Visiting New Zealand’s capital turned into a very special experience, for various reasons! First of all, we were invited to stay with Julie and Rob, where we enjoyed each others companies over great food, first class New Zealand wine and discussions touching everything from farming to world politics. We also learned a great deal about New Zealand politics from them. We had met Julie in Bolivia about 6 months ago and kept in touch. She also arranged for us to stay with her parents on a farm in Wanaka, for us city people this was an unforgettable experience. We already wrote about it…
Moreover, we had the opportunity to meet a most charismatic member of parliament, Rodney Hide, leader of the Liberal Party. During his final days at university, he worked closely with our friend Barbara Lence, now a professor at the University of Vancouver, who initiated this contact. This was surely a very unique moment: being able to talk to a political leader.
While at the “beehive”, the very name for New Zealand’s Parliament, we joined a free tour through the various buildings of parliament and immediately afterwards observed a session in parliament with members of the opposition asking members of government rather challenging questions. To watch this “questioning session” was a rather uncivil affair with MPs shouting and interrupting each other while one was invited to speak.
At this session, Rodney Hide quizzed the Prime Minister about her minister of foreign affairs, who not only publicly opposed her free trade deal with China but also made some racist comments towards the Asian community. Rodney called him “a racist xenophobe”, a choice of words usually not accepted in parliament. Rodney was only asked to rephrase this question, nevertheless we must respect the courage of a politician fighting against unacceptable positions.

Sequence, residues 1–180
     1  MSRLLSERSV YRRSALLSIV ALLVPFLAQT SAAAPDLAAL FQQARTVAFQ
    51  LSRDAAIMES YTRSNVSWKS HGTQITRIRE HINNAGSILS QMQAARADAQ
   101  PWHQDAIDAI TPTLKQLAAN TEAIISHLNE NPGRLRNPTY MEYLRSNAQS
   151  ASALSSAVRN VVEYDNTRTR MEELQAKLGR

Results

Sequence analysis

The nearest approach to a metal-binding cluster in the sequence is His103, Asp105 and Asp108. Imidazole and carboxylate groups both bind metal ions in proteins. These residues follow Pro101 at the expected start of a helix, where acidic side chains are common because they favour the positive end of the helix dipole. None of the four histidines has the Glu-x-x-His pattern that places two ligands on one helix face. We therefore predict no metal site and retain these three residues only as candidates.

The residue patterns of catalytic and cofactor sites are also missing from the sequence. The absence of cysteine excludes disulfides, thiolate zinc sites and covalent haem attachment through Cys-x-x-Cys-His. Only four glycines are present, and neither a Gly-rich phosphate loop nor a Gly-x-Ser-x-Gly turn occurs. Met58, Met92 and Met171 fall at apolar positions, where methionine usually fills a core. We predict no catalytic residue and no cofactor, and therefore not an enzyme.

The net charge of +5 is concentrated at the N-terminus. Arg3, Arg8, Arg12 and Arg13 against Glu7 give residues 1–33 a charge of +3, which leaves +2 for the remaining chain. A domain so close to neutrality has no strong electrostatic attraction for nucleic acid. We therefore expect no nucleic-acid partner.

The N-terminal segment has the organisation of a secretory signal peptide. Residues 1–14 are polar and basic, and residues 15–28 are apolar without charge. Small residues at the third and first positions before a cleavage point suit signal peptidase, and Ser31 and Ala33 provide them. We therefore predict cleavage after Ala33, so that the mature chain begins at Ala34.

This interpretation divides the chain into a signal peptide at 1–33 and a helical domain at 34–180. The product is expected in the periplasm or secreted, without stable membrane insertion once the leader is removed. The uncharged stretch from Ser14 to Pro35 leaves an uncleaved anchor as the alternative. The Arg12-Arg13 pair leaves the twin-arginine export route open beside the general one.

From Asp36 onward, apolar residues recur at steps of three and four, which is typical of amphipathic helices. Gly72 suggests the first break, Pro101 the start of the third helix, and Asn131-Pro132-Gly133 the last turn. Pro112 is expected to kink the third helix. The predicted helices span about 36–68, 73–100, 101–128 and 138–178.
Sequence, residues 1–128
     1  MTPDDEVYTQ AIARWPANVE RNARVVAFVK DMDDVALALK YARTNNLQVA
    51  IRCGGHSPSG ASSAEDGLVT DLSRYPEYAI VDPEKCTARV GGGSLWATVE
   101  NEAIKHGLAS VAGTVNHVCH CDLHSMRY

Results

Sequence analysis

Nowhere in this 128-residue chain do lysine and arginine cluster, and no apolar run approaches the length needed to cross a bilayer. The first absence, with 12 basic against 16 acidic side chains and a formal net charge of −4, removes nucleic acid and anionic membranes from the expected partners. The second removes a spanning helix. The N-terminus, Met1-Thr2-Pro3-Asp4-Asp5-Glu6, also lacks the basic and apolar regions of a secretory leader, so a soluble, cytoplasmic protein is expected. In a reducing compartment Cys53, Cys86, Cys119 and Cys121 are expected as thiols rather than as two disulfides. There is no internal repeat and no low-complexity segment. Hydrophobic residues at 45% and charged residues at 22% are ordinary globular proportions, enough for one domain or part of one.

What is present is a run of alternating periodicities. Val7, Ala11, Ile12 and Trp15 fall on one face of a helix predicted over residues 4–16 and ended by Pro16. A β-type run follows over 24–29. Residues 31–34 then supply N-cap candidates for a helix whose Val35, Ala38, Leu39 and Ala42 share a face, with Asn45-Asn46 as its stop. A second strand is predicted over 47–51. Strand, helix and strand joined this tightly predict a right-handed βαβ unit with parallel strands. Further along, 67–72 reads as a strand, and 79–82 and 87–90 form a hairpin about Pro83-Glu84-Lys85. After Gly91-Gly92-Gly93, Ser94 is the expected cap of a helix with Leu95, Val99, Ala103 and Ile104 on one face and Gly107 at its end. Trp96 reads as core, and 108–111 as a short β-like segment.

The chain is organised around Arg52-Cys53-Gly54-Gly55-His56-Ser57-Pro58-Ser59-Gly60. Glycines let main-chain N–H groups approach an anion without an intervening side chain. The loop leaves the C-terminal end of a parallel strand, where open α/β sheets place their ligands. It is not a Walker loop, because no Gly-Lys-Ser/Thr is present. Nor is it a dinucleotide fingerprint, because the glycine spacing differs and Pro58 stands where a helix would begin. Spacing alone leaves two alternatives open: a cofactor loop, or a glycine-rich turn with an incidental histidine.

Altogether, we were surprised by the extremely lean administration: one chamber only, no provincial governments. If only European countries would move that way…
Te Papa is Wellington’s most interesting asset, a giant museum covering everything that concerns New Zealand: history from the Maori arriving about 1.000 years ago to European immigration in the early 19th century, with a strong focus on the relationship between Maori and the Pakeha, the Maori word for Europeans. A whole part of the museum is devoted to the evolution of the fauna and flora. There is so much to see and learn at this place that we went there twice and still had the feeling we only touched the surface.
Of course, we took the famous red cable car up the hill and strolled down through an impressive Botanic Garden with the path finishing at the rose garden.
These two days were very special for us, because they were so different to everything we experienced in the last two months. After saying good bye to Julie over an excellent coffee at Cafe Astoria, we headed north to Tongariro National Park for some serious hiking.